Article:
SPONSORED:

Freedom Caucus chair unveils bill to end Trump family separation policy

Freedom Caucus chair unveils bill to end Trump family separation policy
© Greg Nash

Freedom Caucus Chairman Mark MeadowsMark MeadowsThe Hill's 12:30 Report: Sights and sounds from Inauguration Day Trump leaves White House, promises to be back in 'some form' LIVE INAUGURATION COVERAGE: Biden signs executive orders; press secretary holds first briefing MORE (R-N.C.) on Tuesday introduced legislation that would end the separation of immigrant families at the border as the White House scrambles to contain the fallout from the controversial policy.

The bill from Meadows, one of President TrumpDonald TrumpSchumer: Impeachment trial will be quick, doesn't need a lot of witnesses Nurse to be tapped by Biden as acting surgeon general: report Schumer calls for Biden to declare climate emergency MORE’s top allies in Congress and a conservative ringleader, would allow children to be detained with their parents.

The measure would also make it more difficult to seek asylum in the United States — a top priority for conservatives that could stop Democrats from backing the measure.

ADVERTISEMENT

“We need to better enforce our immigration laws, but we can do so while keeping parents and children together. I believe my bill will help do that,” said Meadows, who visited the White House earlier on Monday. 

The Trump administration has faced intense outrage from both Democrats and Republicans for its “zero tolerance” immigration policy, which has forced immigrant children to be separated from their parents at the U.S.-Mexico border.

Trump has shown no signs of backing down on the policy, however, and has tried to shift the blame on Democrats. 

Lawmakers from both sides of the aisle have been pleading with the president to end the policy, which has become a flashpoint in the already divisive immigration debate.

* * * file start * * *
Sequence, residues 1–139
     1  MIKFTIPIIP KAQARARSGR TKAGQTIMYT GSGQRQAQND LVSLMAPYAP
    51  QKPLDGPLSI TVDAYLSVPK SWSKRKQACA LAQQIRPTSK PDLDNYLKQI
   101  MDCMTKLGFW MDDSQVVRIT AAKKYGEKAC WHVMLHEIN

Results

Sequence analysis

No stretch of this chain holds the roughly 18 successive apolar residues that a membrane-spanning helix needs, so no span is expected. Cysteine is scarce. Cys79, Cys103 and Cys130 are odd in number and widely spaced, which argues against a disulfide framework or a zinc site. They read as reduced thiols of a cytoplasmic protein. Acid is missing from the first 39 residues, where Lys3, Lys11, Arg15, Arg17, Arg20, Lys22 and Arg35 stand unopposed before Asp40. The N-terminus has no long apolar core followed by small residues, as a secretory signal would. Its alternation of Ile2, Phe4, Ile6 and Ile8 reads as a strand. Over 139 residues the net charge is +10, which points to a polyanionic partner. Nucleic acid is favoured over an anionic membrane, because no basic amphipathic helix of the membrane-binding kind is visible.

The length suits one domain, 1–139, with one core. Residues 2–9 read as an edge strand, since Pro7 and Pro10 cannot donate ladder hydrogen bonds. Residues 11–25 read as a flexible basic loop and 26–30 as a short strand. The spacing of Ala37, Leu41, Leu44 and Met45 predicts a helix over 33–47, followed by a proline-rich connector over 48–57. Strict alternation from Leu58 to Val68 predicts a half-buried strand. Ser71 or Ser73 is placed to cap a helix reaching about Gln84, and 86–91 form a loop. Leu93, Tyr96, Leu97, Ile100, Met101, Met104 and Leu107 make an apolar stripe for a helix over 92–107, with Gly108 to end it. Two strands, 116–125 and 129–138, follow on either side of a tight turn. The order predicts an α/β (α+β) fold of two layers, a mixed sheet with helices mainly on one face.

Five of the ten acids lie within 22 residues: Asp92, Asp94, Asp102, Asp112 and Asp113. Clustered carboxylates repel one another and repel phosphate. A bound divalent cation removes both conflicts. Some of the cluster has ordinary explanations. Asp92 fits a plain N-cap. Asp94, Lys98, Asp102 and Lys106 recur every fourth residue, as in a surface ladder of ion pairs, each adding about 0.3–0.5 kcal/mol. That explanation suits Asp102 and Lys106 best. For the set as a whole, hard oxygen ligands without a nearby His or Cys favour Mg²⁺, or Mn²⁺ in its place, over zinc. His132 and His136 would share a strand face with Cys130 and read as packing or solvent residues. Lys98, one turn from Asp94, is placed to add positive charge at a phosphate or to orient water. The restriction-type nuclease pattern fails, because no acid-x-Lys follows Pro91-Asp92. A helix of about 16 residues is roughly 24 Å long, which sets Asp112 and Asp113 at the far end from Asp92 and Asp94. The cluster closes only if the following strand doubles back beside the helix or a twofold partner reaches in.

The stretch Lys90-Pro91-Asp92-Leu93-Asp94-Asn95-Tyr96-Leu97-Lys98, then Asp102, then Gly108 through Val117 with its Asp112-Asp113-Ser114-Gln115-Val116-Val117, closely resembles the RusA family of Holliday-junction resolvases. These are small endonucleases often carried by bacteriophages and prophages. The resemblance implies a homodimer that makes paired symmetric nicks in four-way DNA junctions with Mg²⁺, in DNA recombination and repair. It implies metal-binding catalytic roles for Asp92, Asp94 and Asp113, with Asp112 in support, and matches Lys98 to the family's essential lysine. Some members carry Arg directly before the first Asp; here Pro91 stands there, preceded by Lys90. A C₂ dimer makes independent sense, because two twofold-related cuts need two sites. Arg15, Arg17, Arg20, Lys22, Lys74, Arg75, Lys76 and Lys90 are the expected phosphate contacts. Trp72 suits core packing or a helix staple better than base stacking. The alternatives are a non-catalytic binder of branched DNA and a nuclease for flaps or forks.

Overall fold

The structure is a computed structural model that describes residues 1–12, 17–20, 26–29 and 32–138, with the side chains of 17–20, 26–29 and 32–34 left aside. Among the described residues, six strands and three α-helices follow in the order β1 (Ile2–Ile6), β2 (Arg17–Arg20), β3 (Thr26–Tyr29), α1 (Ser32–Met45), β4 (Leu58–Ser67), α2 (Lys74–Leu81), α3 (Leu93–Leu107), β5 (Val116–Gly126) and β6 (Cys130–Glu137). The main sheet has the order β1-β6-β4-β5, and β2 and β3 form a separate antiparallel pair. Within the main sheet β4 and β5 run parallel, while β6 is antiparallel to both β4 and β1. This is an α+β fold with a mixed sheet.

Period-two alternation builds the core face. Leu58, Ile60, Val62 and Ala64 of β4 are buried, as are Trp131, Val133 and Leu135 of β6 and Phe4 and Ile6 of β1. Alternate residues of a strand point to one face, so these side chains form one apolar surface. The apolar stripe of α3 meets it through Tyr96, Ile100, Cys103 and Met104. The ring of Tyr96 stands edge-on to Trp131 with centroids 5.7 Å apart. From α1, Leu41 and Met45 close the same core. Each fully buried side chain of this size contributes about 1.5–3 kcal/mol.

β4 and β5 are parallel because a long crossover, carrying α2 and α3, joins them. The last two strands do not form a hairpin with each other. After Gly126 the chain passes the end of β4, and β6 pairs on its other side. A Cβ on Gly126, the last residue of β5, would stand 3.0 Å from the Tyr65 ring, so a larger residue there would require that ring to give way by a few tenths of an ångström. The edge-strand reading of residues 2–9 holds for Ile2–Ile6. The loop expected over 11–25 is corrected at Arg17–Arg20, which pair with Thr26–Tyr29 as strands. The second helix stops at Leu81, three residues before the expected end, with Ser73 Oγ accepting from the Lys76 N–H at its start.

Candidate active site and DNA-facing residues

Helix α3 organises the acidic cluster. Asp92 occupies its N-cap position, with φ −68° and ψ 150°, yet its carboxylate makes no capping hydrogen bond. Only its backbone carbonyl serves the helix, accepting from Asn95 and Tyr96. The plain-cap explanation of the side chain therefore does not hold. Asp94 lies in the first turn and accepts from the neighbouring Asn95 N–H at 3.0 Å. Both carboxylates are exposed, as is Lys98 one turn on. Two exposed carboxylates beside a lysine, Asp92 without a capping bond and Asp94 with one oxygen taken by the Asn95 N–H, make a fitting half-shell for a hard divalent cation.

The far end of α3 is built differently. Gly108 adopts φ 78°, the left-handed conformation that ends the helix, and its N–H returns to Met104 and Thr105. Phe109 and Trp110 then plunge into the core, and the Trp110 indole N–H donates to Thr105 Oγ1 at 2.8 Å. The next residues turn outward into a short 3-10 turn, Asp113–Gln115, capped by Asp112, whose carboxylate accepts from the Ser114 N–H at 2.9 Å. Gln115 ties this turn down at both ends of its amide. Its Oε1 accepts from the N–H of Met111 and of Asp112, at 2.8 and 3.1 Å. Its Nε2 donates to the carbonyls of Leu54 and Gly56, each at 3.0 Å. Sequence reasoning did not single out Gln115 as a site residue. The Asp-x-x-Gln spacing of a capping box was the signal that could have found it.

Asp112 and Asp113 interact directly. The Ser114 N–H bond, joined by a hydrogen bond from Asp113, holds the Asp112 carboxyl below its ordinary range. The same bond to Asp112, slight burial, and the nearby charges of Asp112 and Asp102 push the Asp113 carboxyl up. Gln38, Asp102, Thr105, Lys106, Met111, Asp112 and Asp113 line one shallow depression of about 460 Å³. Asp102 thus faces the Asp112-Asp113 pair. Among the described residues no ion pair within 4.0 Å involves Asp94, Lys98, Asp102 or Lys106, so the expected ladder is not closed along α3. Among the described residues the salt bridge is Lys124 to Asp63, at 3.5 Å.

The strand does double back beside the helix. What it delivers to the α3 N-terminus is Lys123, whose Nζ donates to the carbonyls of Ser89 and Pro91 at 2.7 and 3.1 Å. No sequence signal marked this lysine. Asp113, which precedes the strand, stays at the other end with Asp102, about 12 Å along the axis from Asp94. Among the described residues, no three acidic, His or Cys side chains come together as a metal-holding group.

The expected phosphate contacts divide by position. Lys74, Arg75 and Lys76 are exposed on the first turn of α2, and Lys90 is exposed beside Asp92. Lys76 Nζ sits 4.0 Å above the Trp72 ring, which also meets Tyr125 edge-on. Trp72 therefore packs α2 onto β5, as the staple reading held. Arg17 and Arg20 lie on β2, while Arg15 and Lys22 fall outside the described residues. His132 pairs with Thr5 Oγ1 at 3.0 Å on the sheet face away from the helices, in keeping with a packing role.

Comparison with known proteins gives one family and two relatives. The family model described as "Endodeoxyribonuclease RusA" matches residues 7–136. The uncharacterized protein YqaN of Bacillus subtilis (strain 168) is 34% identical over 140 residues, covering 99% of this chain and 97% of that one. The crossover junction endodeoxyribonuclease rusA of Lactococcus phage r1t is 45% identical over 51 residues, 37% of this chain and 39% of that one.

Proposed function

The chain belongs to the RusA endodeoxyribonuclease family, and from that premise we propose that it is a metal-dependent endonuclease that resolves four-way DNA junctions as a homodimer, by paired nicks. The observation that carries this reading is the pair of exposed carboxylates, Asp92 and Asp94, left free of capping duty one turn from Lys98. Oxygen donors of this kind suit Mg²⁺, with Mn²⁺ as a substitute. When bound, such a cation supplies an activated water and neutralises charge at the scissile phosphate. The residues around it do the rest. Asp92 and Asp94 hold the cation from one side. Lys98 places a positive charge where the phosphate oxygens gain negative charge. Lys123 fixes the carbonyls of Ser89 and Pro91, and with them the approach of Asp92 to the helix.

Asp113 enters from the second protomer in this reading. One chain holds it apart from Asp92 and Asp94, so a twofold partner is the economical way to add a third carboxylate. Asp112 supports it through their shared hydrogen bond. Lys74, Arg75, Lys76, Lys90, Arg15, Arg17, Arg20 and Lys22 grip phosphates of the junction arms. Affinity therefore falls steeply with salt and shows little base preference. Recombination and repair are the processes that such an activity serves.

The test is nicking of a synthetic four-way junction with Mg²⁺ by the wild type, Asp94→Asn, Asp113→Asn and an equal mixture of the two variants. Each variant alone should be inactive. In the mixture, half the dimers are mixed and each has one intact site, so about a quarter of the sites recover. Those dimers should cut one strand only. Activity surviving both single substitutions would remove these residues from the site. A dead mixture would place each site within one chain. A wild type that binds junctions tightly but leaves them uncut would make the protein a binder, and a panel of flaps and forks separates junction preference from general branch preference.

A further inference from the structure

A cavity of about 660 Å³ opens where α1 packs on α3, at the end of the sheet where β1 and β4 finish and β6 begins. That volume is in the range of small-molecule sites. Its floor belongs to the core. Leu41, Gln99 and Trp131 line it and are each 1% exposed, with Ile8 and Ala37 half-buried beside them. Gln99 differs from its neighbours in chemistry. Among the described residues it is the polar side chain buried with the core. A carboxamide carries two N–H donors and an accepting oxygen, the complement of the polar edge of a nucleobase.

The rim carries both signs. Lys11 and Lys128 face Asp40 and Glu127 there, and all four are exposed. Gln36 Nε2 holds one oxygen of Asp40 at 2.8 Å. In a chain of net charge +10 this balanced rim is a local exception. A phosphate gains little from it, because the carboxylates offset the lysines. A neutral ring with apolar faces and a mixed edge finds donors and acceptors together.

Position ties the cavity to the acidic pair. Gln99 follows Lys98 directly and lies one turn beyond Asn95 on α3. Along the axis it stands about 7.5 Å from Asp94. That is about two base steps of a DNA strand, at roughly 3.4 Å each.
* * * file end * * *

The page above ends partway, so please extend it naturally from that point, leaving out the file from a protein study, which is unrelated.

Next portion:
Trump is scheduled on Tuesday to huddle with congressional Republicans at the Capitol to build consensus on immigration issues.

The House is supposed to vote on a broad immigration bill protecting so-called Dreamers on Thursday that also contains language to end family separations, but that legislation is expected to fail.

At that point, Congress will be under immense pressure to pass a standalone measure providing a fix for family separations. A number of lawmakers in both parties have introduced  — or are planning — bills on the subject, including Sens. Dianne FeinsteinDianne Emiel FeinsteinHillicon Valley: Intelligence agency gathers US smartphone location data without warrants, memo says | Democrats seek answers on impact of Russian hack on DOJ, courts | Airbnb offers Biden administration help with vaccine distribution Democrats seek answers on impact of Russian cyberattack on Justice Department, Courts Schumer becomes new Senate majority leader MORE (D-Calif.), Ted CruzRafael (Ted) Edward CruzSenate to vote Tuesday on Biden's secretary of State pick To 'lower the temperature' raise commitments to federalism Leahy, not Roberts, to preside over impeachment trial MORE (R-Texas) and John CornynJohn CornynMcConnell: Power-sharing deal can proceed after Manchin, Sinema back filibuster Manchin vows that he won't vote to kill filibuster 'under any condition' Leahy, not Roberts, to preside over impeachment trial MORE (R-Texas.).

The measure from Meadows, however, would provide a more conservative solution to the issue. Not only would it raise asylum thresholds in an attempt to crack down an “asylum fraud,” but the bill also would treat unaccompanied minors from Mexico the same as minors from other countries that don’t border the U.S., among other things.

“U.S. border officials need better tools to control the system, keep out violent criminals, and identify those who may be seeking to illegitimately take advantage of our asylum laws,” Meadows said. “By cutting down on asylum fraud, we can keep families together without running a greater risk of traffickers or violent criminals using children to take advantage of the rules.”